My confusions and the 'Toaso', 'Twaso' legacies.

Mon, 5 Dec 2016 Source: Tse, Frederick K. Kofi

The election fever has caught up with us and I am ready to vote for one; just one of the candidates. I am disappointed that I cannot vote for two of them.

A vote for two would satisfy my conscience and my belief against hypocrisy of all kinds. Maybe we should consider granting that franchise for each voter to select two candidates so the one who comes second would be vice president. In that case, a more competent candidate like Ndoum who is not in a popular party may also have a place in the Flagstaff house…aloo?

John Mahama is not my man and Nana isn’t either. But I am told a vote for a smaller party would mean a vote for the unintended candidate. This is my foremost source of confusion and for many others who have lost faith in the political system.

Another source of confusion is the opinion polls and predictions by pollsters and those who are making fortune and fame from punditry. There have been polls from EIU, UG,BNI and GN Research all of which placed the opposition NPP in the lead. But apart from the EIU the rest of the polls have been denied by the said institutions. The NPP were all joy with these projections that placed them ahead of the NDC. And the NDC pack, led by the Vice President, Amissah-Arthur rubbished the polls as fake.

Meantime, the President wrote in his letter that the NDC’s scientific polls show they are winning.

In a fascinating twist, opinions have changed like the weather since Ben Ephson published his polls. Now the NDC goes hallelujah…Amen! The NPP this time round quickly goes for Donald Trump’s victory against polls, ignoring the facts that opinion polls are but about popular votes and not Electoral College votes. As for the pastors and Muslim clerics who are so engrossed in the elections, God almighty has a message for you: “Don’t worry my servant, I am considering to extend the fivefold ministry to six; you are good for ‘prophetocracy’. Be in the media, conduct religious polls, punctuate with numerology ( like 666) and predict the winner of elections. Start every prediction with THOU SAYETH THE LORD”.

The issue of Trump brings me to my third confusion, the way ‘Yaanom’ drew parallels between the US and the Ghanaian system was interesting. Honestly, the only similitude the Ghanaian voter has with the US voter is the pervasive genocide of crony capitalism that rapes the economic opportunities of the working class and poor for the filthy-rich. Oh yea, masa, there ain’t no parallels between Trump and Nana Addo. The former is a solid business mogul and an avowed critic of the political system while the latter is part of the shape, form and structure of the political establishment.

What do I mean? Both Nana Addo and John Mahama are part of Ghana’s problems. They are both sons of politicians. One was the son of a former chief justice and one time ceremonial President, and the other a son of a minister of state. They both contributed and benefitted directly and indirectly from the system. The only difference is that, one presides over a corrupt country while the other only served in a corrupt government as an Attorney General. This election is a matter of the rock and the hard place; I mean the devil and the deep blue sea. And therein lies my ‘Trump-like’ confusion and when I think about this as a hustler, I feel like just buying me a carton of Kalyppo on December 7, cross my legs and sip until 7pm without inking my thumb.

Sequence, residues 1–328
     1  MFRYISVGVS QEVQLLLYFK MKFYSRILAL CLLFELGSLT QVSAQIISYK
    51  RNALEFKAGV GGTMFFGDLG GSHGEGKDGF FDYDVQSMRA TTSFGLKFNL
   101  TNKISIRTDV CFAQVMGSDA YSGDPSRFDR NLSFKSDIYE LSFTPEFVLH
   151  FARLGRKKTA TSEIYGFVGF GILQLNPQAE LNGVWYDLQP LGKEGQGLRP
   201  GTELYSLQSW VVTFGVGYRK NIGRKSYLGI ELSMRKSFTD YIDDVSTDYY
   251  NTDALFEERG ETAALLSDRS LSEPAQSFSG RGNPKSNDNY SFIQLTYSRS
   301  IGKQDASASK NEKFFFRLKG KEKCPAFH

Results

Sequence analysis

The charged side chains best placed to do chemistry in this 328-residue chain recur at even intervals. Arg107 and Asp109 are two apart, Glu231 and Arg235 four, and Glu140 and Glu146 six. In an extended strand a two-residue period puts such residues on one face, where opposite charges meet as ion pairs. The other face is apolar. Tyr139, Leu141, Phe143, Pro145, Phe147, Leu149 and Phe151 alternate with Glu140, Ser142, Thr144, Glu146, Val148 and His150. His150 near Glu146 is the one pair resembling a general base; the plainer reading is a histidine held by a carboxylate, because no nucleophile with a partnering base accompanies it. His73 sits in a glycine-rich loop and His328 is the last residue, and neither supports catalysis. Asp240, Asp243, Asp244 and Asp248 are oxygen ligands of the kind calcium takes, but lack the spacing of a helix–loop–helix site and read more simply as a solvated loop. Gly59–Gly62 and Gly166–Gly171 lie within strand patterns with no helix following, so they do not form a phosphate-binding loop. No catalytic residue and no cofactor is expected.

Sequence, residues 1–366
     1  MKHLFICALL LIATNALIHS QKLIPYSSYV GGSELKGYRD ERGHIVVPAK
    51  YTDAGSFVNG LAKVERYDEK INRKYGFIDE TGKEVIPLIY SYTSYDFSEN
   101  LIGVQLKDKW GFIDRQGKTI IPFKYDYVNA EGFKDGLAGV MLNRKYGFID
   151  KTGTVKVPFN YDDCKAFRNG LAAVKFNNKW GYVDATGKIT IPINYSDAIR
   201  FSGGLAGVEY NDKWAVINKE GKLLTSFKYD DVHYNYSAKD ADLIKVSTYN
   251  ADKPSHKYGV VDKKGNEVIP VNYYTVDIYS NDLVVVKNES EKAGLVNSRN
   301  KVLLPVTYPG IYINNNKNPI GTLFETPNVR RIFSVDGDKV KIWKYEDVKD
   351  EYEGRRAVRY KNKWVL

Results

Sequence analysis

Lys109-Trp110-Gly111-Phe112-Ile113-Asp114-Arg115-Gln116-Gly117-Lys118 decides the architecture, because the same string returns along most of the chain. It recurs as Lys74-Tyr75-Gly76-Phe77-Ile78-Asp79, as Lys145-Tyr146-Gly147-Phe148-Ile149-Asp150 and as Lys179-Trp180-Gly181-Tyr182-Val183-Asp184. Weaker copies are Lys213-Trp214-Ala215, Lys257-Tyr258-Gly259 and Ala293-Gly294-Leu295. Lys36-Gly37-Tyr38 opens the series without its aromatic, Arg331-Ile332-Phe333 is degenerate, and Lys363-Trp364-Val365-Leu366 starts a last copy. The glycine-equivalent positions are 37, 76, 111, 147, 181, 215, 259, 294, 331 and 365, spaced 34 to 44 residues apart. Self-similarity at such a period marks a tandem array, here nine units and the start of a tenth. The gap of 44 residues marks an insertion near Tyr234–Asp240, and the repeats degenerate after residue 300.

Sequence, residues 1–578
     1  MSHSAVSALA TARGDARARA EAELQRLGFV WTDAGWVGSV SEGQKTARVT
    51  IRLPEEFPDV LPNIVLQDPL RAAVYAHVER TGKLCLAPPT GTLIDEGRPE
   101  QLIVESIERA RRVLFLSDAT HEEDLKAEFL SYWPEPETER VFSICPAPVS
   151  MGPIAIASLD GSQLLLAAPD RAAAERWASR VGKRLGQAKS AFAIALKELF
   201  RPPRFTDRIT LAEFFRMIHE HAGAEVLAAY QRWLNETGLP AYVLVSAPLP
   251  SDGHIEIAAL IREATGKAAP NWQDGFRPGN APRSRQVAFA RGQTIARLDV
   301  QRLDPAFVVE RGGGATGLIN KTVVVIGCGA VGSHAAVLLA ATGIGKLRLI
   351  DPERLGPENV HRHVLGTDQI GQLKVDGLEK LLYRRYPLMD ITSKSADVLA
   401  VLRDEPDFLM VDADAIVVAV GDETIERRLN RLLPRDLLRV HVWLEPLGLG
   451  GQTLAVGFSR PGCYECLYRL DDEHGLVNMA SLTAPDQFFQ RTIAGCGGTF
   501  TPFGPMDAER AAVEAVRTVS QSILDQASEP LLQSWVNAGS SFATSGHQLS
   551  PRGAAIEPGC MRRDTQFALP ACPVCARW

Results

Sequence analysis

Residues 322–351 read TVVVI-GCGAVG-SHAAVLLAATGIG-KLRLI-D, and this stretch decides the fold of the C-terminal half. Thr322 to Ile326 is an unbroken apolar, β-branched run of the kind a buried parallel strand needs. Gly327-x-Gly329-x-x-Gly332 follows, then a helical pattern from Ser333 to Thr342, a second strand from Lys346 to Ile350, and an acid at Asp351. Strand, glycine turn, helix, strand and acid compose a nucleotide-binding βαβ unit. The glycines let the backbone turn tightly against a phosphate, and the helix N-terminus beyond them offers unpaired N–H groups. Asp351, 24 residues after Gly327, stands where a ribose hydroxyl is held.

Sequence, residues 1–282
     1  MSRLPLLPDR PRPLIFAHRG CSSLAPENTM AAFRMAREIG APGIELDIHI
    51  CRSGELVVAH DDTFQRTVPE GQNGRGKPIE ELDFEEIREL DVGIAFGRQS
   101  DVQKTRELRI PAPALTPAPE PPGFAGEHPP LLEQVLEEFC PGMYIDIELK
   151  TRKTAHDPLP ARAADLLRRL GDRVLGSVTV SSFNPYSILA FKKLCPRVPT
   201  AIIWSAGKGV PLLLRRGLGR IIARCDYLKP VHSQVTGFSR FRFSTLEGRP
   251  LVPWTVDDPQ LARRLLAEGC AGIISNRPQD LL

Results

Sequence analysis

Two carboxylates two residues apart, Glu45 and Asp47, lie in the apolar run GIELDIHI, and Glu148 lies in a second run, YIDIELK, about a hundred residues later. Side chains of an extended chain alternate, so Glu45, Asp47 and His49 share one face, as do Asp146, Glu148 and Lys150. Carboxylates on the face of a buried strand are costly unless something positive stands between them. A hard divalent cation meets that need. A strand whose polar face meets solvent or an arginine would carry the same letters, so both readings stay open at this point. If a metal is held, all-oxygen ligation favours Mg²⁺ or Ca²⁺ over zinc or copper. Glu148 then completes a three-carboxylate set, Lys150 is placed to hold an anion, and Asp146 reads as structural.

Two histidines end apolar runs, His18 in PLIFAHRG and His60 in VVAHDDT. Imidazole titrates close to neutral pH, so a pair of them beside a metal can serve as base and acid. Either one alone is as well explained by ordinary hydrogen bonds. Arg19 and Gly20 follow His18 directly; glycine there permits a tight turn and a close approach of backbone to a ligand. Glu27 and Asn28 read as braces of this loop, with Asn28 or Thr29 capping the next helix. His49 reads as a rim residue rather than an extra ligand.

I wish both JM and Nana were miles away from the character of this good-for-nothing political system.

The Legacy

But there are legacy issues that go with this election. Whoever wins the elections wins collateral and whoever loses suffers collateral.

Should the NPP win, they will inherit an economy that is recovering from poor economic growth of the last two years. They will build it and consolidate their reputation as better managers of the Ghanaian economy. One may not agree with the NPP’s style of economic management but many businesses believe the NPP provided the requisite polices for business growth. Get the opportunity to jail some NDC ministers and use this opportunity to appear less corrupt.

Otherwise, the NDC with its fiscal consolidation measures that are monitored by the IMF, will enjoy the results of its fiscal consolidation policies and with benefits from new oil exploration, turn the economy around and change the minds of those who believe the NDC is only good at winning elections not at proper economic governance.

If the NDC lost the election, it would go down as bad managers of the Ghanaian economy, having left the economy in poor shape at the end of Rawlings era and under the current government. They might suffer longer stay in opposition and the corruption tag as some of their members might suffer jail terms again. Hahahahaha.

Else, the NPP would go down not only as a party which lacks political mobilization and entangled in unnecessary play of egos but also one which would struggle to pool resources for election 2020 and subsequent ones.

Frederick K. Kofi Tse


Facebook/Frederick Keli Kofi

Columnist: Tse, Frederick K. Kofi
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